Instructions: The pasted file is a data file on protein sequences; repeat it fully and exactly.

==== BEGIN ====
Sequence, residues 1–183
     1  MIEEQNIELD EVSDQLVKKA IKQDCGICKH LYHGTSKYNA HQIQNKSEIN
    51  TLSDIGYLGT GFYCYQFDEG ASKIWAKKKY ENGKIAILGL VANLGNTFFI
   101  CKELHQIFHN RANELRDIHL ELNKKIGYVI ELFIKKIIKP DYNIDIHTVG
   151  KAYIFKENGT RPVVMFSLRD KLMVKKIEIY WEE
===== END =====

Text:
Sequence, residues 1–183
     1  MIEEQNIELD EVSDQLVKKA IKQDCGICKH LYHGTSKYNA HQIQNKSEIN
    51  TLSDIGYLGT GFYCYQFDEG ASKIWAKKKY ENGKIAILGL VANLGNTFFI
   101  CKELHQIFHN RANELRDIHL ELNKKIGYVI ELFIKKIIKP DYNIDIHTVG
   151  KAYIFKENGT RPVVMFSLRD KLMVKKIEIY WEE